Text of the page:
WebWatch: A Witness in Kenya
Believing that the casualties and violence in Kenya were being grossly underreported, the Kenyan blogging community put together Ushahidi.com. Ushahidi means "witness" in Swahili. The website is mapping out occurrences of violence throughout Kenya, asking witnesses to submit incidents on a detailed form on a computer or by SMS. Kenyan NGOs verify the reports before they are shown on the map.
Erik Hersman, who blogs at WhiteAfrican.com, is trying to get the word out, "In hopes that by reaching out and talking to a broad selection of media more people will hear about it and that the news of Ushahidi will trickle down to the Kenyans who need it most."
Could this be the future of crisis aid? Through this site, people are not only able to set the record straight about what's really happening ("There is still a ban in place on live broadcasts related to the election here and this seems to be one way of ensuring that information is not being choked off by the government," writes one blogger), they're also able to communicate with those who have the resources to help them. Some recent posts include:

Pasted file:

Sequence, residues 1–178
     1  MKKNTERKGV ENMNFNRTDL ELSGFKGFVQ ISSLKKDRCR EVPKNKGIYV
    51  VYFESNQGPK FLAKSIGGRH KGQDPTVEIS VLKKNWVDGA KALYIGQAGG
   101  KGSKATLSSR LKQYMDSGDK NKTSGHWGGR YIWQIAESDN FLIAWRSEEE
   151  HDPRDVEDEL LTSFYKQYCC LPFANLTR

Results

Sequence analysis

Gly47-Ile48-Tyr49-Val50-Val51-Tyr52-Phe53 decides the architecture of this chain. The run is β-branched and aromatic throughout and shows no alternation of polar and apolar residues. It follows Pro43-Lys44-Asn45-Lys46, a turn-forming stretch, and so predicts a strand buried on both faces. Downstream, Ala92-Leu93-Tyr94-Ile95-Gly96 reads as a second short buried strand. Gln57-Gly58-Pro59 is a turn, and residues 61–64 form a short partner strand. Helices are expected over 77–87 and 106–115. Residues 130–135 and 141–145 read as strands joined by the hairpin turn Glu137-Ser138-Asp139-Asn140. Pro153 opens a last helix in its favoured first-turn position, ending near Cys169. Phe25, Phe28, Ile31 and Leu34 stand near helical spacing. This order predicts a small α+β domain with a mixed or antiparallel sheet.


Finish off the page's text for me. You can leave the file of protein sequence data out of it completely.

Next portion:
Some displaced families are going hungry. Rowdy mobs are stopping villagers from taking food to the starving women and children whose property has been looted from the tea estates where they were working. These are third generation workers being evicted in retaliatory attacks. Someone should provide enough security so that the villagers can feed these people without fear.
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Yes there is a lot of need specially food, Mosquito nets for those i saw in Oyugis, they dont have food and i was thinking that if we could get some money we can buy some flour and then we transport them there and give them. I used my own tranport money just to look if things have come back to normal in those places and at least there is movements of vehicles although fares is double due to fuel cost which is very high at the moment. . . I want to thank you all for doing this for Kenyans specially when people are really in need. May God bless you all.
Public radio's The World yesterday reported on the website, which went live last Wednesday.